Although descriptive analyses are prevalent, in too many instances descriptive accounts fail to provide the needed information for changing problem behavior, namely, in failing to identify functional relations. Beyond the ethical issues noted above, there were several problems with this structural (“ignoring”) treatment for disrobing. First, an observed common antecedent to her disrobing was staff attention, which was baffling because one would expect that staff had probably been ignoring her, which would alter the value of staff attention and make it likely that she would make responses that had previously produced staff attention. Second, her disrobing, could be indicative of what is called an extinction burst, or increased responding characteristically following the discontinuation of a reinforcer (i.e., they had stopped attending to her disrobing recently). It also could be that staff (and perhaps other residents) hadn’t consistently ignored her disrobing and she was getting attention intermittently following disrobing. Or it could be that the wrong reinforcer had been identified.

We subsequently conducted a functional analysis in which we tested staff attention and escape from demands as potential reinforcers for her disrobing. As expected, the client did not disrobe when provided attention contingent on disrobing, but consistently disrobed during the conditions where disrobing resulted in escape from demands (such as “clean up your room”). Escape from staff demands (and staff leaving her alone) reinforced disrobing, not staff attention.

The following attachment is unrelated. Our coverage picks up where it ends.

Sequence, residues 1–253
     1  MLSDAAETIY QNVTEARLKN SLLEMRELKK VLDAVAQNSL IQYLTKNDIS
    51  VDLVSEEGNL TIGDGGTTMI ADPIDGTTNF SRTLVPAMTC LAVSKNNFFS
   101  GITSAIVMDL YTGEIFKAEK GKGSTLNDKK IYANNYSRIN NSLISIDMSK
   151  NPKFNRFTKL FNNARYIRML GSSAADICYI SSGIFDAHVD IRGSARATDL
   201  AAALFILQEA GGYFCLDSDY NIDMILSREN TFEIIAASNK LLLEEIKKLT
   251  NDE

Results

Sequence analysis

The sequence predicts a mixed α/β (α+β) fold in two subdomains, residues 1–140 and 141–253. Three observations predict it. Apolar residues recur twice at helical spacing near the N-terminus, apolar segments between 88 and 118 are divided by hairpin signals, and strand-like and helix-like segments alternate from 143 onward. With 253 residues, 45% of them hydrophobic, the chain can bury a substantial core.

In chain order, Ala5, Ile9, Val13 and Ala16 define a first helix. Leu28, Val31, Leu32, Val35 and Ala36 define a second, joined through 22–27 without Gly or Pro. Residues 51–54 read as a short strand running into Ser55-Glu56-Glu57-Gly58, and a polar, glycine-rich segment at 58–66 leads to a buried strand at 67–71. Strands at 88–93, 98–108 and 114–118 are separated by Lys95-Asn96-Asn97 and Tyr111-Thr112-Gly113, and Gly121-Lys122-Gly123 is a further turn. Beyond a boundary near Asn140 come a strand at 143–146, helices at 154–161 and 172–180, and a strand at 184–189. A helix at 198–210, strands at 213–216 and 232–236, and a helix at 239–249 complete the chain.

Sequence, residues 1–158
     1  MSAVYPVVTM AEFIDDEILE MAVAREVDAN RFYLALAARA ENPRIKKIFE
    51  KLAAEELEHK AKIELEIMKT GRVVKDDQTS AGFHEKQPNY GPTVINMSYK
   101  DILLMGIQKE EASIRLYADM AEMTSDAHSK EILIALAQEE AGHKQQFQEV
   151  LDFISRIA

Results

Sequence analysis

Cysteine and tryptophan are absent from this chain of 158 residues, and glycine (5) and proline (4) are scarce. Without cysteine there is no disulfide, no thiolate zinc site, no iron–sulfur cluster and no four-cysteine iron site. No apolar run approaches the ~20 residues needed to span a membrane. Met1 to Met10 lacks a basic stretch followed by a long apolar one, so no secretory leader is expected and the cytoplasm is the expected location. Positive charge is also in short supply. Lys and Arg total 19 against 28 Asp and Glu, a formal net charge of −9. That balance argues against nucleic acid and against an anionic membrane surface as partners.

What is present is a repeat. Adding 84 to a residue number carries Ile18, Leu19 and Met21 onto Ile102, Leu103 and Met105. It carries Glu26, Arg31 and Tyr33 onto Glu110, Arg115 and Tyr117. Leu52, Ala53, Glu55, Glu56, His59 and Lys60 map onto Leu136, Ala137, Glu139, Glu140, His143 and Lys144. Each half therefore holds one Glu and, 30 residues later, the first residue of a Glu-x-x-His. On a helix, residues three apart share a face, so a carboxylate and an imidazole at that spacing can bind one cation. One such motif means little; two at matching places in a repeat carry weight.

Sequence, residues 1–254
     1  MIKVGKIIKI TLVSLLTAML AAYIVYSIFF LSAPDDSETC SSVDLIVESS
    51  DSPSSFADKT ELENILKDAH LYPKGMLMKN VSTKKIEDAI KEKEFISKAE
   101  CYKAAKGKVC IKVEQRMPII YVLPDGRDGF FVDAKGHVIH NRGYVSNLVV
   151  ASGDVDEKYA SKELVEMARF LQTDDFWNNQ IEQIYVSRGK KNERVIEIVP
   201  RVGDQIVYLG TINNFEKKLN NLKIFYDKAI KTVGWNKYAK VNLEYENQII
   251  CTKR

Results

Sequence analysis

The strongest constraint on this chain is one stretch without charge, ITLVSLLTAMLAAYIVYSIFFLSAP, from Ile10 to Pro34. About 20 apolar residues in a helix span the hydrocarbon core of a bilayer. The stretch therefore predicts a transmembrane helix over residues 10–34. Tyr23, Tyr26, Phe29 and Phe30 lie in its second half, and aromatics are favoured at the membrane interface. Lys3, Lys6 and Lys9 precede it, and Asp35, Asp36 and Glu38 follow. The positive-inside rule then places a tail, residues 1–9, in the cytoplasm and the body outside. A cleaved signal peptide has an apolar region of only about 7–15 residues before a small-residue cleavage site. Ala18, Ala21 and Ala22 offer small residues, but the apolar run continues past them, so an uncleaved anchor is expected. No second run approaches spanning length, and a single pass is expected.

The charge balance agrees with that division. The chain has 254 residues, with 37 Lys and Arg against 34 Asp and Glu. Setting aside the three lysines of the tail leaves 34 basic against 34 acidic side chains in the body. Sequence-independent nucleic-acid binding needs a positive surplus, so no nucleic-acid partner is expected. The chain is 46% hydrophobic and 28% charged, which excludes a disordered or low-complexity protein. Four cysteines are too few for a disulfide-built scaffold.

These results perfectly illustrate where structural accounts of behavior fail, and additionally, where adhering to treatments based on structural accounts of behavior may have counter-therapeutic outcomes. In this case, ignoring the disrobing actually provided temporary escape from staff demands, and instead of planned ignoring reducing instances of disrobing, it increased instances of disrobing. Pairing positive events while she engaged in small steps toward cleaning her room while fully clothed was a place to start. Attending to her while she was engaged in activities she liked, fully clothed, pairing our attention with good things, small steps at a time, was another.